So, presumably you could play a string quartet with two violins and two violas (or, as suggested in the video, a five string violin if you're going electric)? That's pretty neat, as you could round up four violinists and do it, the biggest barrier being learning to read bass clef.

January 21, 2017 at 07:12 AM · To be honest, I'd never heard of them before, either!

January 21, 2017 at 11:16 AM · Way cool--Helicore Octave Strings! Never heard of. Did they

mention cost?

January 21, 2017 at 08:34 PM · "The first 3D printed violin" IS IT? http://www.violinist.com/discussion/response.cfm?ID=24976, posted over 3 years ago.

January 21, 2017 at 08:42 PM · And the Octave G string could be what's needed for the F-string of that 6 string viola that's advertised (I'm not sure whether the violin or viola string would be best).

January 21, 2017 at 09:08 PM · Violist's have that eternal dilemma between a viola large enough to yield a rich C string and one small enough to be comfortable to play. You'd need to understand that just putting octave strings on a violin likely won't yield an instrument capable of richly amplifying those low tones. Also, do those octave strings require enlarged string notches at the nut? If so that's a one way street, and you would have to replace the nut to go back to normal tuning. It seems to me that octave strings are a concept mostly suitable for electric violins. If someone finds out that's not true, please do let us know.

By the way, if you are amplifying your violin and want lower (or higher) pitches, there are electronic devices that can do that. I've used an EHX Micro POG (Polyphonic Octave Generator) before, with pleasing results.

January 22, 2017 at 07:18 PM · I just looked up the price -- $71.50, from D'Addario.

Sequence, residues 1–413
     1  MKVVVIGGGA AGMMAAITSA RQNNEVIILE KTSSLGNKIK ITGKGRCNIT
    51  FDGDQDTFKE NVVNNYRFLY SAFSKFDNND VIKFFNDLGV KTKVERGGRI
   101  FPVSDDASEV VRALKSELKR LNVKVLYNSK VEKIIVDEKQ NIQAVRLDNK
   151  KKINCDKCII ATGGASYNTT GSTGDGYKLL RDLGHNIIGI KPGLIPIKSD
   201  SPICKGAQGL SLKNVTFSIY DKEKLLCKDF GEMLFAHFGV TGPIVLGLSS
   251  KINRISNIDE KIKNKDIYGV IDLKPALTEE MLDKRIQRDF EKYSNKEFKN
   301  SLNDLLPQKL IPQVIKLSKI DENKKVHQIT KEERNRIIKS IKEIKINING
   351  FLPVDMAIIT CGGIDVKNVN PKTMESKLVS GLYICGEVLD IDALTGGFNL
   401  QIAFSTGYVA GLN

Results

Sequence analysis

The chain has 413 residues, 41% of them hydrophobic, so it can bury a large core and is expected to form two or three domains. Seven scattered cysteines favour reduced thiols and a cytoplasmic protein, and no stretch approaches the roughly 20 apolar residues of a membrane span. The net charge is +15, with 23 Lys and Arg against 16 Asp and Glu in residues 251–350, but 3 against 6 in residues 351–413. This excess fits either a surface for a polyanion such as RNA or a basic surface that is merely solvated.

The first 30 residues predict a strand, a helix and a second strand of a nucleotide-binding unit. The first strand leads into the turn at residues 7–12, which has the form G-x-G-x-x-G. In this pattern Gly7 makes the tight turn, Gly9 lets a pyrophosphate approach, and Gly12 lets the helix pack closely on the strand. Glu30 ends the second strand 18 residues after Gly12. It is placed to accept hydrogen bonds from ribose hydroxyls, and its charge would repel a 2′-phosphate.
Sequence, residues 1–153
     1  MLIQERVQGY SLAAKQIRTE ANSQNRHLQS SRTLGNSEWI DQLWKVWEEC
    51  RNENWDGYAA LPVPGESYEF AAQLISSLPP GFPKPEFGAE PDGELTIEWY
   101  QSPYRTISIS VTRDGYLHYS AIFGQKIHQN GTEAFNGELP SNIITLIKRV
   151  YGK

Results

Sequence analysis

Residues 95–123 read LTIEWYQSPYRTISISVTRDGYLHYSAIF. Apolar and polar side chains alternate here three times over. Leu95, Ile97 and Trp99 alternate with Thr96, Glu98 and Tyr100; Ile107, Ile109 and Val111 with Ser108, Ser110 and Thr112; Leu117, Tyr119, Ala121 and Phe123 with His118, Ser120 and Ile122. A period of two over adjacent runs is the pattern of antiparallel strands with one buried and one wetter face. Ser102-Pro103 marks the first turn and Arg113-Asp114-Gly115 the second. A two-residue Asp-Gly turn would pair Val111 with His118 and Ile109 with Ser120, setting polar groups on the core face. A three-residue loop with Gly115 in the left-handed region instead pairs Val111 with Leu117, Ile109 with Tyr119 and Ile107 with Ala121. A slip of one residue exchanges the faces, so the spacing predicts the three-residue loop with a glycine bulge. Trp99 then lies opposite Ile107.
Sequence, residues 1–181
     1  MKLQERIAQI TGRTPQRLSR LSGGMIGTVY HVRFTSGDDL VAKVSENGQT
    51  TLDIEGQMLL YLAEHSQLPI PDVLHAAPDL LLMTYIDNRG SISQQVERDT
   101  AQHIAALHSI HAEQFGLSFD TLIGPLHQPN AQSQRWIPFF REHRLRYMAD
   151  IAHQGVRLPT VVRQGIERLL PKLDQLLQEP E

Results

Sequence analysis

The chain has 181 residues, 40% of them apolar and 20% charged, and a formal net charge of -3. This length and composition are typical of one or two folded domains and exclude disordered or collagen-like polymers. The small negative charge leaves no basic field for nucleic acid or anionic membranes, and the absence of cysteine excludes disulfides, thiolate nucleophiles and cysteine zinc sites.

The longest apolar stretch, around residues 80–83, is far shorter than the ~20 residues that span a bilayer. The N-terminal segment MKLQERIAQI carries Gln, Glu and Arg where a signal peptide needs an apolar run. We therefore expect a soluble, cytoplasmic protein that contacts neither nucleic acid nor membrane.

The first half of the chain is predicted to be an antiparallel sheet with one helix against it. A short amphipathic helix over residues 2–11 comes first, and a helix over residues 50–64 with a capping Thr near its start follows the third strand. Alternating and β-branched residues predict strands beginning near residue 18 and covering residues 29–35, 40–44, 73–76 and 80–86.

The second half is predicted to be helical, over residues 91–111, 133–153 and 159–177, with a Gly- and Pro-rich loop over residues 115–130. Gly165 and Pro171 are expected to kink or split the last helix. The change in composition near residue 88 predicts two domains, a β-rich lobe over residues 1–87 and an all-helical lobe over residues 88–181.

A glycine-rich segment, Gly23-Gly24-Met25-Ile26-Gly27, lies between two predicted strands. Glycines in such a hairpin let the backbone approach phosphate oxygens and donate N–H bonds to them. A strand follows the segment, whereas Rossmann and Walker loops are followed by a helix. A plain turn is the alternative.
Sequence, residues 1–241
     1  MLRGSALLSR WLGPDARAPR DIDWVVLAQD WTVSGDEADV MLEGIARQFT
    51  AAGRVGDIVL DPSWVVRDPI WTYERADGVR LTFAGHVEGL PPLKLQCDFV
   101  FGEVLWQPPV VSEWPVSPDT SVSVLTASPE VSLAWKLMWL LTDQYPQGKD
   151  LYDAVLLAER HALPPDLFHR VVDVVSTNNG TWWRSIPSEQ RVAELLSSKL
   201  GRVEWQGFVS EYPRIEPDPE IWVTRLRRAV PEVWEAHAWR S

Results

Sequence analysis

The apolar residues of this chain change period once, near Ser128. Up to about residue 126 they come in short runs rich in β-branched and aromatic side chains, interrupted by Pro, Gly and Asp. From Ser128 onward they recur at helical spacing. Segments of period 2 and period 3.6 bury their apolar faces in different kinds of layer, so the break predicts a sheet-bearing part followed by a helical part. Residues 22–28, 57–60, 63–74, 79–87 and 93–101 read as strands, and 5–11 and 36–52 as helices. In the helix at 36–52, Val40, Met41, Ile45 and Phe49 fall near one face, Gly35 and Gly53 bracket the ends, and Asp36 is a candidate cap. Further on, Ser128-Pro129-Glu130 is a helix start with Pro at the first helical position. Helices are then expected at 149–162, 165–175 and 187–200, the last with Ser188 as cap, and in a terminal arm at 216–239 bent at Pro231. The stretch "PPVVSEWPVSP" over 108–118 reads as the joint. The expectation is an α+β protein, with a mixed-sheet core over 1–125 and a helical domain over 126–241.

(Here is the link: http://www.orchestral.daddario.com/OrchestralShoppingCart.Page?ActiveID=1710)

January 22, 2017 at 07:21 PM · John, good point about the 3D fiddle from three years ago -- I'm thinking there is probably some kind of distinction; it appears to me that the "3Dvarius" is 100 percent printed, and perhaps the other is only partially?

January 23, 2017 at 03:35 AM · Re: Octave strings: I have an Oktavgeige (octave violin) by Johann Reiter (the last one carved by him, but assembled by his apprentice Erik Sandner after Reiter's death, when Sandner took over Reiter's shop.) The original Oktavgeige strings were by Otto Infeld, but apparently they no longer make them. Perhaps I can use these. My Oktavgeige has the length and width of a 16" viola, but the depth is that of a proportionately sized mini cello. It BARELY fits under the chin with no chin rest (well, actually a thin strip of wood just to protect the top from pressure and sweat).

January 23, 2017 at 03:49 AM · Octave strings have been around a long time. Just nobody in classical heard of them. Problem is the nut and the bridge. They don't fit in the grooves--unless they've done something clever to make them the same (used tungsten winding for the e or something?)

January 24, 2017 at 04:49 AM · Joel, that's an interesting instrument you have. Have you ever played a Hutchins consort type of "octave" violin? (They are played on a pin and about the size of a 1/2 to 3/4 size 'cello.)

January 24, 2017 at 05:26 AM · Laurie, I read the article you referenced (linked) about the making of the 3Dvarius violin and learned that the no. 1 model is named Pauline. Should I be happy about this?